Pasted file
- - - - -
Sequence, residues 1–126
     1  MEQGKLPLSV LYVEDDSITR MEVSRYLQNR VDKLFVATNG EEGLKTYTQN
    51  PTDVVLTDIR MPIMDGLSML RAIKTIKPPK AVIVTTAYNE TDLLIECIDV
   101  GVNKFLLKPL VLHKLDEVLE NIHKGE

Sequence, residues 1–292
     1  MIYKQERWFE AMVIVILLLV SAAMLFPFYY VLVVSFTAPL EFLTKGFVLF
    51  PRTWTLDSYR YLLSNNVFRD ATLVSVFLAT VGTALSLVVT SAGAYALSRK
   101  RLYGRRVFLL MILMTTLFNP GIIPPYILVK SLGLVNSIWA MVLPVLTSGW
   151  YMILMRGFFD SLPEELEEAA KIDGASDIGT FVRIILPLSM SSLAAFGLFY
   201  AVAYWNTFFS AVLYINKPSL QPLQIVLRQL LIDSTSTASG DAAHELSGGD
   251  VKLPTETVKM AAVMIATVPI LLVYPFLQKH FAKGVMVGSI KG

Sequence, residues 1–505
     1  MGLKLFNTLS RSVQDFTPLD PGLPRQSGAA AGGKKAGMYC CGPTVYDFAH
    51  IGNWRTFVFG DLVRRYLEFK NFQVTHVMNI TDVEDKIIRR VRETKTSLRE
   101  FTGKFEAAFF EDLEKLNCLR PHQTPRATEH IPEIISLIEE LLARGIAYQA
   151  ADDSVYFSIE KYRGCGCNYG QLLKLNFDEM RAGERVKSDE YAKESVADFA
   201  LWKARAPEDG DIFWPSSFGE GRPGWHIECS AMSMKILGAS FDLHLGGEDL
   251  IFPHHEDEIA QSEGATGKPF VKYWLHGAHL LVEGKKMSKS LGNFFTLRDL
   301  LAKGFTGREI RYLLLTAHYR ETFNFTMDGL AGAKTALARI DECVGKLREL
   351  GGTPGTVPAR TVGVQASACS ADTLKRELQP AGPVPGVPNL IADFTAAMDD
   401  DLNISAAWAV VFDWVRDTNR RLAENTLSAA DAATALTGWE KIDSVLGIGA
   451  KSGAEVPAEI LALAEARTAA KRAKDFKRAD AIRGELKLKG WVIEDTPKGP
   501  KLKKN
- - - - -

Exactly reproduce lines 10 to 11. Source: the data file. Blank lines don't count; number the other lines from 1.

   201  AVAYWNTFFS AVLYINKPSL QPLQIVLRQL LIDSTSTASG DAAHELSGGD
   251  VKLPTETVKM AAVMIATVPI LLVYPFLQKH FAKGVMVGSI KG